Racism in jamaica

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Racism in jamaica

  1. 1. Scott & Bourne Racism in the Twenty First Century: Realism in modern consciousness By: S. Scott & Paul A. Bourne Racism is one of the most profoundly important and disturbing tradition to have arisen in Western philosophy in general and Western political philosophy in particular. Racism begins with the need of one people to exploit another and the development of an ideology to justify this exploitation. When logic and truth stand in the way of even the most spurious racist dogma, they are simply brushed aside. Racism not only outlived slavery but took on a dynamic trans-systematic life of its own, owing to Europeans perpetuation in various forms of the core value of their relation with the non-white i.e. White supremacy. (Jan Carew, Rape of Paradise pg. 211) Western philosophy has been brought to us as ideal by a specific master race of people. These people were the Greeks. This was noted as a fact because it was believed that no other race had the “capacity” or the “education” to think or reason as the Greek man. As such for the past 2500 years people in the western world have been dominated by a particular school of thought entitled by Charles Mills as the Racial Contract. This contract describes the continued period of white supremacy over non-white peoples. This philosophy has been so pervasive that it has justified slavery, the eradication of the Native American Indian and Jews, the drugging of the Chinese and the bombing of the Islams and Afghanistans. It is most ironic as for centuries; we have been fed on an 1
  2. 2. Scott & Bourne intellectual diet of the glories of that period while its crimes, its monstrous cruelties, its racism, sexism and the genocidal holocaust it unleashed have been ignored. If we had paid more attention to the dark side of the Renaissance then perhaps Hitler would have never risen. Hitler’s actions is a clear indication of racism and so are apartheid; slavery; segregation; social exclusion; stratification; classism, and ghettorization. Ebenstein and Ebenstein clarify for us the western values and outlook. They state that the three Cardinal Principles of the western world are the belief in reason (credited to the Greeks), Monotheism or belief in one God and the Christian conception of Love (Love thy neighbour as you, and all men are created equally). Western values cherish democracy, freedom, Christianity, political, social and economic rights, civilized behavior, and freedom from discrimination are it ethnic, racial, religious or political. They go further to argue that not all European nations have consistently demonstrated this western outlook and that Nazi Germany provides the most glaring antithetical example (pg 4). This is in regards to the Germans brutal treatment, imprisonment and eradication of the Jews in 1939-1945 in search of Hitler’s pure white or Aryan race. This period of history is by far the most contradictory as the Jews were the closest set of people to white that was so brutally decimated. Many Historians, scholars and philosophers argue that Adolph Hitler’s treatment of the Jews was the most outstanding as technically Jews were white people with the same physical characteristics of many Germans and also Jews shared the second cardinal principle of the belief in one God. The third principle - The Christian conception of love proved to be a direct and explicit contradiction not only in light of the Jews but also all non-white people. It however would seem a bigger deal in regards to the Jews as it must be remembered that the 2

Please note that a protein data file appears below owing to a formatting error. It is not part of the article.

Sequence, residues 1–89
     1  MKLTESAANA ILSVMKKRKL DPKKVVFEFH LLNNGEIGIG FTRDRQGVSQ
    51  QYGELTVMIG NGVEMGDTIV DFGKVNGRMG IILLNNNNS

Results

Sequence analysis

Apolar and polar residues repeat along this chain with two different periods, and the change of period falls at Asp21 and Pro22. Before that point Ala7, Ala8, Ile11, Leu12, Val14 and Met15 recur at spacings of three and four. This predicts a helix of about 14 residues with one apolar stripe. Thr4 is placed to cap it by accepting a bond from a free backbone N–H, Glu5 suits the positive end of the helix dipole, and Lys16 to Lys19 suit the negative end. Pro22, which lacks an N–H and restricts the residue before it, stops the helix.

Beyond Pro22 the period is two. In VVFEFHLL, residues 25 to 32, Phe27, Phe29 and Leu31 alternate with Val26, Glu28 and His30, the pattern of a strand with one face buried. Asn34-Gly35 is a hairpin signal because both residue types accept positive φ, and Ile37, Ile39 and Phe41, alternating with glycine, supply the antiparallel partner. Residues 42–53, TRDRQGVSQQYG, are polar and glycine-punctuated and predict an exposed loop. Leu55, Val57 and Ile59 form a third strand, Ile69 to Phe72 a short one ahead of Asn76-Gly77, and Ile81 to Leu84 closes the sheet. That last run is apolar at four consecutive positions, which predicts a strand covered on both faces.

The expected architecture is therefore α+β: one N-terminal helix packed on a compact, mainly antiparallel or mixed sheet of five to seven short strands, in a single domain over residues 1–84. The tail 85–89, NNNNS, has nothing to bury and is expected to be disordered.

3. 3. Scott & Bourne Africans, Indians and Asians were not viewed as people but mere property and sometimes they were even equaled to animals or beasts of burdens. More often than not we have been lead to believe that racism and racially structured discrimination have been deviations from the norm. Mills states “The white power broker cannot see themselves doing anything wrong by practicing racial discrimination, as it was their way of life.” When it is put this way it becomes more understandable the treatment of nonwhites by whites, however their intellectual myopia (short sightedness) is not excusable. Ebenstein and Ebenstein failed to point out the extreme harshness that was dealt to the non-whites at the hands of those who claimed to follow and practice Western values and outlook. The finger is pointed solely on the Germans whilst the Spanish, Dutch, French, British and Portuguese were just as guilty or perhaps even guiltier. Jan Carew’s Rape of Paradise (pg 232) reads that Modern colonialism began with the holocaust against Native Americans, 12-20 million who died in the first forty (40) years. The genocidal pace increased with the Africans, a hundred (100) million who were uprooted from their homeland and more than half (1/2) of who died during the centuries of Atlantic Slave Trade. Also additional countless deaths of Asian people as colonialism spread its tentacles across the globe. The principal aim of the white man (race, including women) was the creation of the condition for separating the non-white person from his/her ancestral personality and culture and implanting in them a mind of servility, domesticity, self-hate and inferiority. European ideas and policies towards the enslaved Africans, Indians and Asians were nothing short of brutal and inhumane. According to Clinton Hutton, in Manufacturing Violence Shaping Social Psychology (pg. 3), the construction and maintenance of the 3